Field trips in New England often revolve around hardship. And candy. As an elementary school student, I learned to make candles like the colonists did when they weren't busy starving to death or learning about corn. As a high school student, I watched a blacksmith (who would not break character to give us directions) sweat and work on a horseshoe for what felt like an eternity to my 16-year-old self. It's tough to be a settler, which is why historical attractions always sell fantastic anachronistic penny candy - it offsets the depression that would set in on the children who just spent three hours making a misshapen candle that will provide about twenty minutes of iffy light. And all that's before anyone bothered to mention the genocide sparked by the bonneted and buckled people all of our towns are named after.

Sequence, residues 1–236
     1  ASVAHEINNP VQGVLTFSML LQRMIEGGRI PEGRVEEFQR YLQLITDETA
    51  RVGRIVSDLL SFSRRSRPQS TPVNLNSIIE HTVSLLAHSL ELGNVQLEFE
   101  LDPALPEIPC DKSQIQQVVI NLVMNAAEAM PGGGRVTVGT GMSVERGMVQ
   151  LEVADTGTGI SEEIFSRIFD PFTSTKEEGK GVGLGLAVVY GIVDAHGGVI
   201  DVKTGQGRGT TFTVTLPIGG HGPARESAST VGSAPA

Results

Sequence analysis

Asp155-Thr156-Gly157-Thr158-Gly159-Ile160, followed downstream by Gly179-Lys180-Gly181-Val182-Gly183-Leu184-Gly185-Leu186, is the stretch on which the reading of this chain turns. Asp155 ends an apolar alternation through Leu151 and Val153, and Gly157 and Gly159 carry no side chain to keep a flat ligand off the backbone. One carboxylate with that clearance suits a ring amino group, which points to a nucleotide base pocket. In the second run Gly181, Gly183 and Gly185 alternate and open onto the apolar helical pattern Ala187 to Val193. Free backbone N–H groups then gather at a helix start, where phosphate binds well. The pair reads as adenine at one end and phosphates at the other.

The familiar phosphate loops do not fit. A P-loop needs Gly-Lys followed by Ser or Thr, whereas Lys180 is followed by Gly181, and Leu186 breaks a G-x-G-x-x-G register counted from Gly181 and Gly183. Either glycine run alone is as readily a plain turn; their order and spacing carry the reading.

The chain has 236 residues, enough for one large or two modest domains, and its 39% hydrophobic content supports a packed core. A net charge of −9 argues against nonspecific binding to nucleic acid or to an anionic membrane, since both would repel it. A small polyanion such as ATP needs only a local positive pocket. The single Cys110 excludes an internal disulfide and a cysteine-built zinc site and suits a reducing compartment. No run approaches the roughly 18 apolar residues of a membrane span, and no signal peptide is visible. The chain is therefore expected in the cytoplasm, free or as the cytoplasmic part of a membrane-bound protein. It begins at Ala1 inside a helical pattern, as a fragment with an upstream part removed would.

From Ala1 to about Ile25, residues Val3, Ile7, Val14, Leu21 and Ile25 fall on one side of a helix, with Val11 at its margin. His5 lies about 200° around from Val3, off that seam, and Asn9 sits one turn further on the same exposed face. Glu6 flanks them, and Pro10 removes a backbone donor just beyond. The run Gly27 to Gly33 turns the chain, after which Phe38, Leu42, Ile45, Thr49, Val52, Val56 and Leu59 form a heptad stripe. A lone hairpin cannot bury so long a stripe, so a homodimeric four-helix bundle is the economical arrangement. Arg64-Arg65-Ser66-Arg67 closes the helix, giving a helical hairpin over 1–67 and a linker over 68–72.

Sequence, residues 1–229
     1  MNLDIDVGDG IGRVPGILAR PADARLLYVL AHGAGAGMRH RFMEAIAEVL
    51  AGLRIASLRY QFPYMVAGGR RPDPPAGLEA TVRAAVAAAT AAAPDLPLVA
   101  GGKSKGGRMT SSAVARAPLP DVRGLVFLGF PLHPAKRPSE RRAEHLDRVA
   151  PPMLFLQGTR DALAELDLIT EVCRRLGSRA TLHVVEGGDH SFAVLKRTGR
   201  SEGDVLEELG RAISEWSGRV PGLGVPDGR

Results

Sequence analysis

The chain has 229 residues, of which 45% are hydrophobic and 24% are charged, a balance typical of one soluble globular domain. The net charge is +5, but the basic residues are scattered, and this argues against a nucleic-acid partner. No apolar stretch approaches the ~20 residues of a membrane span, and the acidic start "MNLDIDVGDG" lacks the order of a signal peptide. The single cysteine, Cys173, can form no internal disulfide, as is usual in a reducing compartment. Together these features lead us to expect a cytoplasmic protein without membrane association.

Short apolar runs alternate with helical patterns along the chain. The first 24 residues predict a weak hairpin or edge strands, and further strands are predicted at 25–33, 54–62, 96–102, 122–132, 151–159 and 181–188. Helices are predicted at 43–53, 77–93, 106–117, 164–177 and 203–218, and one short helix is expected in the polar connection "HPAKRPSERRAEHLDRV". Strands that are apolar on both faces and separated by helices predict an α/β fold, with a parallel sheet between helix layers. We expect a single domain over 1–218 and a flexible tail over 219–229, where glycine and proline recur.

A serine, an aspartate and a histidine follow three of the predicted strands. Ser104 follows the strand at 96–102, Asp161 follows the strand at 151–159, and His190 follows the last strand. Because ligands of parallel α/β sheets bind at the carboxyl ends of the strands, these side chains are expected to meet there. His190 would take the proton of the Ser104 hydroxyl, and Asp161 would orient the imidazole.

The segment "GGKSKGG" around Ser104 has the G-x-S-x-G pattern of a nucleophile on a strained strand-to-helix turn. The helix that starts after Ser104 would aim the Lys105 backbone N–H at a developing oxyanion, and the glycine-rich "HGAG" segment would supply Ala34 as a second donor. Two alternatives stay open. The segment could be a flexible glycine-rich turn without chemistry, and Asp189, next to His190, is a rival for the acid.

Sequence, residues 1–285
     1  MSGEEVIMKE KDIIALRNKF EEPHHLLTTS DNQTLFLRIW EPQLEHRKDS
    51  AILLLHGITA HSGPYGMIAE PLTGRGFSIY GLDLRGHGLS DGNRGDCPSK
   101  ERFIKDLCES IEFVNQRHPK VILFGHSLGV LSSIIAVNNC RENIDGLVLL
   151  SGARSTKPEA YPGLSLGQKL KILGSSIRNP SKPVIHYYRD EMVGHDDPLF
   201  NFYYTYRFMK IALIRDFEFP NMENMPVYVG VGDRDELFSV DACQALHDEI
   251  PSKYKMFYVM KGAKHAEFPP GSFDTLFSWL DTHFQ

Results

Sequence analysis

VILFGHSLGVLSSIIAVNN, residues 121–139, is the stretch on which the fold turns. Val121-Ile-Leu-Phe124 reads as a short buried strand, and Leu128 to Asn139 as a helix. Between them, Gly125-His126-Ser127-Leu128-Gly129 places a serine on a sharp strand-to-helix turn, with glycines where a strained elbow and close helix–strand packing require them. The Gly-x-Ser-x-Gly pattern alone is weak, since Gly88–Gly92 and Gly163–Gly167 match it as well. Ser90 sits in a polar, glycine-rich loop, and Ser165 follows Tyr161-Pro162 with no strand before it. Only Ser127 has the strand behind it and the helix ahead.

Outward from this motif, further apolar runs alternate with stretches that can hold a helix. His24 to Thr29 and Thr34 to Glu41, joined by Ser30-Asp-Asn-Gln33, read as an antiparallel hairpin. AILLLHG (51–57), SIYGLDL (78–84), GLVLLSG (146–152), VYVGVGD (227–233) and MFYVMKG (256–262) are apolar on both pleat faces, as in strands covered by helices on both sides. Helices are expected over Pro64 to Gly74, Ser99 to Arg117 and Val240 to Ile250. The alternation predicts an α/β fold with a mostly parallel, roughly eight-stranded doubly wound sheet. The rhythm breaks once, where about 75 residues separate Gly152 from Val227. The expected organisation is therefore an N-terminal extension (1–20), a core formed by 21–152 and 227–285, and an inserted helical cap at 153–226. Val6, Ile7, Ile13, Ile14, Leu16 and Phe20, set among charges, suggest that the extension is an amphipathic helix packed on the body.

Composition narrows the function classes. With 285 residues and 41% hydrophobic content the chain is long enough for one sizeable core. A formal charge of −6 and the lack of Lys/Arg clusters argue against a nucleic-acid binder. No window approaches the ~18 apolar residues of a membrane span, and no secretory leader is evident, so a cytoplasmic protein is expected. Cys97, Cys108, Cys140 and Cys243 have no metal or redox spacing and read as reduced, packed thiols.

I am, perhaps, remembering the wrong things from the educational diversions supplied by my parents and teachers. One of my favorite places to go was the Mark Twain House. There wasn't much candy, but the tour guides were funnier. Of course, the one nugget that has stayed with me since middle school is useless and probably not true (I haven't verified it, because I like it and don't want to lose it). Twain had three collies named You Know, I Know, and Don't Know.
I like this not only because I grew up with collies (and live with one still - of the Don't Know variety), but also because it's an apt metaphor for information management. Librarians are inherently interested more in what I think of as "You Know" information - we are less interested in being experts (that would be "I Know") and more interested in knowing where and how to access the expertise of others. We're experts in finding experts.